3.1. Descriptive Results

Dairy herds averaged 37 (± 10) lactating cows. Except for 4 farms, all provided access to water troughs in the milking parlour holding area; all farms provided shade and water troughs in the non-grazing areas adjacent to the paddocks. All farmers reported bringing cows to these adjacent areas during the hot hours of the day (approximately 10:00 to 16:00 h). All farms used rotational grazing and all grazing paddocks were delimited by single electric wire. Twenty-six farms used fixed-size paddocks (i.e., the paddock fence was not moveable) while 20 farms used moveable fences to delineate paddock size. The remaining farms (n = 7) used fixed paddocks in some parts of the farm and moveable fences in others. The maximum time cows spent per paddock was 24 h/d. Farms varied in how often cows were provided access to fresh pasture each day: 8 provided fresh pasture once a day, 43 provided twice a day, and 1 farm did so three times per day. All farms offered corn silage to the lactating herd, either once per day (n = 12), twice per day (n = 30) or three times per day (n = 8). Deviations from 53 (i.e., total number of enrolled farms) in the sum of observations per variable are due to missing values.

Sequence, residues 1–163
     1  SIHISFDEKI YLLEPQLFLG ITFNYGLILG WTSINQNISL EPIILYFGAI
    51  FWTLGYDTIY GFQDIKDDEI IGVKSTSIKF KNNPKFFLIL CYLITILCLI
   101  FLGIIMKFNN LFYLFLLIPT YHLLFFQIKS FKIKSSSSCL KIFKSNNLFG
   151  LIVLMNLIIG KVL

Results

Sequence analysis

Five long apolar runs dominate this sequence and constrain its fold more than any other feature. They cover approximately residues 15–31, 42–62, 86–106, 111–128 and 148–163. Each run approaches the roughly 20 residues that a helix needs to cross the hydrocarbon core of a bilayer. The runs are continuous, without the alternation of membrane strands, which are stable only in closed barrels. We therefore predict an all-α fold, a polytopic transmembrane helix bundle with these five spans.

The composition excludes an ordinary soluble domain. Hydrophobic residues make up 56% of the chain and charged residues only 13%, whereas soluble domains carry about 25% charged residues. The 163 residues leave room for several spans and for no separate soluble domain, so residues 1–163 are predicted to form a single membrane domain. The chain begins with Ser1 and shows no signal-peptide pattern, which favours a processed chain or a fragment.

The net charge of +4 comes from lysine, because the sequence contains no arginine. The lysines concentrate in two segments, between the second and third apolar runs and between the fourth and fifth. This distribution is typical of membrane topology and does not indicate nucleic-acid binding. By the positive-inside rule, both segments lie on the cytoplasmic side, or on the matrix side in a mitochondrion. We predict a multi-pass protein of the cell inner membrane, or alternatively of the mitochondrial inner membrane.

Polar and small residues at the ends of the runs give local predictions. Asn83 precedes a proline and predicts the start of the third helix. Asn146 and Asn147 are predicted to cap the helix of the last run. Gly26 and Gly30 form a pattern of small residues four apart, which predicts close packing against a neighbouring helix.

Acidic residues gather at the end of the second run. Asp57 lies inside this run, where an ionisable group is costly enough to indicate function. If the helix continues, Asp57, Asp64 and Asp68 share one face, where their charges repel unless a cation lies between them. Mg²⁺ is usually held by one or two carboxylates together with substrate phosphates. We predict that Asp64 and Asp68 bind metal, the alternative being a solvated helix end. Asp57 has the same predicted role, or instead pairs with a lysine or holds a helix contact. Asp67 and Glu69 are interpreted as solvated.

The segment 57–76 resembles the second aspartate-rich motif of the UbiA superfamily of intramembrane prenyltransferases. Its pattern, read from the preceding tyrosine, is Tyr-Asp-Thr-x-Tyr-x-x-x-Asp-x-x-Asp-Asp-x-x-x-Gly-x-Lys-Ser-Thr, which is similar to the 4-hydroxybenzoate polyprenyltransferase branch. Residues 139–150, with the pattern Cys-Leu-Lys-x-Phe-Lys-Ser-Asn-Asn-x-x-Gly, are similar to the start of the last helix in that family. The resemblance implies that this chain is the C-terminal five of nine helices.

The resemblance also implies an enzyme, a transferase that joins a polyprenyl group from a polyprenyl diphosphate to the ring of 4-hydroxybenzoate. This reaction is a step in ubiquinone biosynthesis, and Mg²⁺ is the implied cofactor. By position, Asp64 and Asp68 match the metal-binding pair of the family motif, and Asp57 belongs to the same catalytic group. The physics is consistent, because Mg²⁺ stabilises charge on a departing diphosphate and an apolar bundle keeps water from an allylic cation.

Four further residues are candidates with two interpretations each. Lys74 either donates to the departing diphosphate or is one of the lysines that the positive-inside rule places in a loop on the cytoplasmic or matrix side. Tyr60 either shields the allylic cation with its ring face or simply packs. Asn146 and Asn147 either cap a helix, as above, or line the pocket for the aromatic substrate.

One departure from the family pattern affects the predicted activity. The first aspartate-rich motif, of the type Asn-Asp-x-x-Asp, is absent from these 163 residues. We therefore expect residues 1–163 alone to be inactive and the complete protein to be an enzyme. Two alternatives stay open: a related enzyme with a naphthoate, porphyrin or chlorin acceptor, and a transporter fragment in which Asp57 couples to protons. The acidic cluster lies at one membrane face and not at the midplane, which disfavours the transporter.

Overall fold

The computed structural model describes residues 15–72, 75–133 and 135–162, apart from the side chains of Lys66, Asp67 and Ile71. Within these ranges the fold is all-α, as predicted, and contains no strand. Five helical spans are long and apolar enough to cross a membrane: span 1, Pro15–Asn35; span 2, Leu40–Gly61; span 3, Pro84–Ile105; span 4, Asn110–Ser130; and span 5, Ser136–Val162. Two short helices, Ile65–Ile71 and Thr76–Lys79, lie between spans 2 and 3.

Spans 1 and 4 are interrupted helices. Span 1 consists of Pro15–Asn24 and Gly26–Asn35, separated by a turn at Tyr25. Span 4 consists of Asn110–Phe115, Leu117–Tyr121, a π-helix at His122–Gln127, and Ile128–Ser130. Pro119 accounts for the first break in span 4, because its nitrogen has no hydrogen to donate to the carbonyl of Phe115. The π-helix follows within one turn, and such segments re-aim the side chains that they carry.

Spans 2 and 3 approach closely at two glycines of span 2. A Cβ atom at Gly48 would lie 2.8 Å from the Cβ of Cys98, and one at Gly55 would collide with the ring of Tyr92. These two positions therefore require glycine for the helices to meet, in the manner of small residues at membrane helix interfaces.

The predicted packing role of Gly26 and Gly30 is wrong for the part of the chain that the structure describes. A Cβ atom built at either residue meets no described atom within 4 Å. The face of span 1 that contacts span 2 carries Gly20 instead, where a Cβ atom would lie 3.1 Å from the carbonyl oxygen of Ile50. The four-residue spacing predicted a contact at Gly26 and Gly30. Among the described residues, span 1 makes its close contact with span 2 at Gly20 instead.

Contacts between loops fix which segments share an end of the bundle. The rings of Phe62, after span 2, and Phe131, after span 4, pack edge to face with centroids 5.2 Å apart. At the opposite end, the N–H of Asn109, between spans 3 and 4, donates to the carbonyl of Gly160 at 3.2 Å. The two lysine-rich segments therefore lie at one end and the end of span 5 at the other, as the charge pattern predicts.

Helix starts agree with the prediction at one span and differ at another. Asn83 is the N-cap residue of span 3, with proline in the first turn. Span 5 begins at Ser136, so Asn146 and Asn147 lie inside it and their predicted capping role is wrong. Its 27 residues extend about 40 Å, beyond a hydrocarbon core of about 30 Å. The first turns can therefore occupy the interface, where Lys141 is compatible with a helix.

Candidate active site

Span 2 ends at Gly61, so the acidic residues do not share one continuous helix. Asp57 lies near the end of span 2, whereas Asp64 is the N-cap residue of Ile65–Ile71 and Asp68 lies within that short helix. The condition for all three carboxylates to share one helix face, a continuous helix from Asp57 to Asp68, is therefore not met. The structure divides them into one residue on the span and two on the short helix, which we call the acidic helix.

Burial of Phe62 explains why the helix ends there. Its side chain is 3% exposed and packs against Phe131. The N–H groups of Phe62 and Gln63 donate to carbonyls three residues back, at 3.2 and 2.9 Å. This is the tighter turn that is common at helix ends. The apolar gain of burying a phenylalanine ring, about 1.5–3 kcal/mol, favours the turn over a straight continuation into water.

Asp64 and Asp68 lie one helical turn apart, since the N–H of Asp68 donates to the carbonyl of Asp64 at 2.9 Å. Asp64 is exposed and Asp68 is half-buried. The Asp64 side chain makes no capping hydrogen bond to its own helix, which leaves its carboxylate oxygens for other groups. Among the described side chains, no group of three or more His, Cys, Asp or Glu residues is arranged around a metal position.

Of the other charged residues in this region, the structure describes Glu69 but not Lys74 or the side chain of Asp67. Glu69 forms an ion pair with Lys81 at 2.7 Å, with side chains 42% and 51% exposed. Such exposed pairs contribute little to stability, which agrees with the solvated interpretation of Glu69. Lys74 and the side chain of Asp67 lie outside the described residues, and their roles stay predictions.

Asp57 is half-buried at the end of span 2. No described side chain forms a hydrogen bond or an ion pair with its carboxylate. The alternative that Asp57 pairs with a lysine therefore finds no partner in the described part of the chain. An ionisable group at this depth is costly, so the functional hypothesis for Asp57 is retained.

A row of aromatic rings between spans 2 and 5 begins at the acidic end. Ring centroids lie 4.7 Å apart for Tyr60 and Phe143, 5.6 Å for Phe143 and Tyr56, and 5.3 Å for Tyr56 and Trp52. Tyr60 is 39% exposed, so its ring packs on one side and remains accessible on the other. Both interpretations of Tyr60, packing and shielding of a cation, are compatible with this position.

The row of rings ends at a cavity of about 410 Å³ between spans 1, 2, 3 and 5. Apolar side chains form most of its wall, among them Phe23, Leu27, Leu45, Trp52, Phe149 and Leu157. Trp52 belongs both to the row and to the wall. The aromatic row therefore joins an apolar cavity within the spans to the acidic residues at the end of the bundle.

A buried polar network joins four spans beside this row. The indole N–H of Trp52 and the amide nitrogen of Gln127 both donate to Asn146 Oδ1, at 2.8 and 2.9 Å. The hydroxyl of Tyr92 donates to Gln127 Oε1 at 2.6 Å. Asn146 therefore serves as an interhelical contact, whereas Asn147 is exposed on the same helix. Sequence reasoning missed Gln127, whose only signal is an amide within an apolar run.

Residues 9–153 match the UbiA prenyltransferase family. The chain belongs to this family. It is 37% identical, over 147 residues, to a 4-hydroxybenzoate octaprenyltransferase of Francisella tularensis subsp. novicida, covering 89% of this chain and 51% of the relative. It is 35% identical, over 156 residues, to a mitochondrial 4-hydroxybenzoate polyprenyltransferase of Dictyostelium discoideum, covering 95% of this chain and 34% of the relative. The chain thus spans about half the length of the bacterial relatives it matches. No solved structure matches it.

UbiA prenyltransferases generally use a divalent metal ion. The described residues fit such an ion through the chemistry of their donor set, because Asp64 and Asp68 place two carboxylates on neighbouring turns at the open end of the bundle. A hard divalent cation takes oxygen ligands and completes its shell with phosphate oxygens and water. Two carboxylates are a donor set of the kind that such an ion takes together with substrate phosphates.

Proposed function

No association between visit date and type of water provision was found (W = 318; p = 0.73). Weather-related variables were not found to be associated with milk production and were not included in the final model. The descriptive statistics of the weather variables during the study period are presented on Table 1.

3.2. Final Model

All variables used in the final model are presented in Table 2. Significant variables and their adjusted means based on the final model are presented in Figure 1 and Figure 2. Provision of unrestricted access to water was associated with a higher average milk yield per cow/d (1.7 L; 95% CI = 3.3–0.2; p = 0.03; Figure 1A) compared to restricted water access. This represents a difference of 10% in milk production between herds provided with unrestricted (adjusted mean: 18.1 L/cow/d) and restricted (adjusted mean: 16.4 L/cow/d) access to water. As expected there was an association between herd breed and milk production. Holstein herds produced on average 18% more milk per day per cow/d (2.8 L; 95% CI = 1.1–4.4; p < 0.01; Figure 1B) compared to non-Holstein herds (Holstein herds adjusted mean: 18.7 L/cow/d; non-Holstein herds adjusted mean: 15.9 L/cow/d). Amount of concentrate offered per cow/d was positively associated with average milk yield per cow/d (1.1 L increase in milk production/additional kg of concentrate offered/cow/d; CI = 0.6–1.6, p < 0.01; Figure 2). Area of silage/cow/yr was not significant (95% CI = −1.9–10.1, p = 0.18). The model explained 55% (adjusted R2) of the variation in average milk yield per cow/d.

4. Discussion